Franï¿½ois writes: "This is an announcement for a free (GPL) library automated system based on PHP and MySQL. PhpMyBibli (still in french, sorry...), still in development phase, aims to provide a convenient and easy to use interface for the librarian and the library's public featuring: UNIMARC support (and maybe various flavour of MARC), authorities management, administration made easy for the librarian, advanced OPAC functions : collection browsing, etc...)."
Peter writes: "Avanti version 1.0 beta 1 is released. As a beta version, this release is still rough around the edges. But it comes close in form and substance to what is expected of Avanti MicroLCS version 1.0 as a serviceable library system. Although far from perfect, this beta release is a tangible representative of what has been in the works in the past year and what is to come: a simple, flexible, platform independent general purpose library system. Hard work continues at polishing and thoroughly testing version 1.0 proper, which should be available in one or two months. Stay tuned."
pate writes: "Thanks to more hard work by Paul Poulain and his band of french hackers (and thanks to the support of the Nelsonville Public Library), Koha is continuing to improve. The big step this time is the release of Koha 1.3.3, a development release of the branch destined to become Koha 2.0. This release features many bug fixes, improvements to MARC handling, and French, Spanish, and Polish translations (not yet complete but hey, this *is* a development release.) This will be the last 1.3.X release. The next schedule release will be 1.9.0 marking feature completion for the 2.0.0 release."
Anders writes: "SimpleServer 0.06, which is a Perl wrapper around the YAZ generic front-end server, is now officially released. The most important new feature is the supporting of Z39.50 authentication (simple). The source is also available at the usual places, i.e. CPAN and freshmeat.net."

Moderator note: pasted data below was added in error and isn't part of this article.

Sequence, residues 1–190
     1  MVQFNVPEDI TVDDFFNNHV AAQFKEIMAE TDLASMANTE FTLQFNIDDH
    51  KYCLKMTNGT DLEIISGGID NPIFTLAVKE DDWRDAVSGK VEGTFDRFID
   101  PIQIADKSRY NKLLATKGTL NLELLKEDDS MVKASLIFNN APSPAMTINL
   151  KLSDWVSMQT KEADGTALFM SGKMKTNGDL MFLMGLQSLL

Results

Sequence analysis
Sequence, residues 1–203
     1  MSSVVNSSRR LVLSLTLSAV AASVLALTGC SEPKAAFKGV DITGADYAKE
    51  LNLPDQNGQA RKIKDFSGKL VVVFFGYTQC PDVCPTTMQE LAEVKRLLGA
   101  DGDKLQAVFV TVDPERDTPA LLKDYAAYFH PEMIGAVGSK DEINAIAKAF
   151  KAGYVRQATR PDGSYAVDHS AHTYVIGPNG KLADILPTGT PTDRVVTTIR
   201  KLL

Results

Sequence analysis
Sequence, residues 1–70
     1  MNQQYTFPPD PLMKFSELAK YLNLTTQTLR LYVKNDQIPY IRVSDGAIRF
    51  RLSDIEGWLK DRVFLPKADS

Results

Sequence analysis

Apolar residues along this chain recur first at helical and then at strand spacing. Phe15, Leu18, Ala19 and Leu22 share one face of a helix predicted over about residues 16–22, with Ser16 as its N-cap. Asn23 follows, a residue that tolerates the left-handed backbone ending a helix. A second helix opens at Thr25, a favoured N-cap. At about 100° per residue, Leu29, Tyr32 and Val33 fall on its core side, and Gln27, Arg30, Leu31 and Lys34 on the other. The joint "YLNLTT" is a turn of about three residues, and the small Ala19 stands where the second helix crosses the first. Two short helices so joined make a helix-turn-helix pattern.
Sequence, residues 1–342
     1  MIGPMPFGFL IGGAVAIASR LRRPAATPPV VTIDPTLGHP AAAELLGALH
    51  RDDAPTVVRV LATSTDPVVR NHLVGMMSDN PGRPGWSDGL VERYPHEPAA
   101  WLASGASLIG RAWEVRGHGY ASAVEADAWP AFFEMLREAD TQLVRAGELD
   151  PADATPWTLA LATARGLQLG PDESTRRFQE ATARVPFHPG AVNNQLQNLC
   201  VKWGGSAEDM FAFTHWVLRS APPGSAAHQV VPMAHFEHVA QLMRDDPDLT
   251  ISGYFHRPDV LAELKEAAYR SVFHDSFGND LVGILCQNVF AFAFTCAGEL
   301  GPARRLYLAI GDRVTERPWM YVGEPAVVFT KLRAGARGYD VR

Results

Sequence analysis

Jon writes: "Loughborough University Library has released version 3 of our Reading List system. This can be picked up from our software distribution page. The Reading List system was developed at Loughborough to fill a perceived gap in the available commercial systems and also to allow us to customise the system to our needs. It is written in Perl, runs under Linux and makes use of a MySQL database and the Net::Z3950 and MARC Perl modules to provide Z39.50 links into existing library systems. It has been in production use at Loughborough for well over 2 years now and earlier versions have been taken by other local Universities for their own reading list systems. This is the first major public distribution of this system to a wider general audience."
Ed writes: "MARC::Charset 0.4 now supports MARC-8 character translations to Unicode (UTF-8) for the East Asian character sets. More information is available at MARC/Perl. Now that there is good support for MARC-8 character conversions to Unicode it is possible to update MARC::XML to do a good solid job of converting to LC's MARC schema."
Paul writes: "We've just released Koha 1.3.2, the next alpha version of the forthcoming 2.0 series. This release features many improvments in MARC management from 1.3.1; acquisition.simple now works; you can upload marc files in a breeding farm; for ISBN/ISSN search in the acquisition screen, with the "New biblio" option and the biblio is in the breeding farm, it's automatically retrieved and can be modified; installer now install marc21 in english or unimarc in french datas; marc parameters complete documentation.
If the 2.0 release sounds exciting to you and you've got some MARC, Perl, or HTML background, please consider jumping in and helping with 2.0 development. There are opportunities for people of all skill levels."
Adam writes: "The ZING Initiative (Z39.50 International Next Generation), under the auspices of the Z39.50 Maintenance Agency at the Library of Congress, is pleased to announce Version 1.0 of SRW and CQL. SRW ("Search/Retrieve for the Web") is a web-service-based protocol which aims to integrate access across networked resources, and to promote interoperability between distributed databases by providing a common platform. SRW features both SOAP and URL-based access mechanisms (SRW and SRU respectively) to provide for a wide range of possible clients. It uses CQL, the Common Query Language, which provides a powerful yet intuitive means of formulating searches."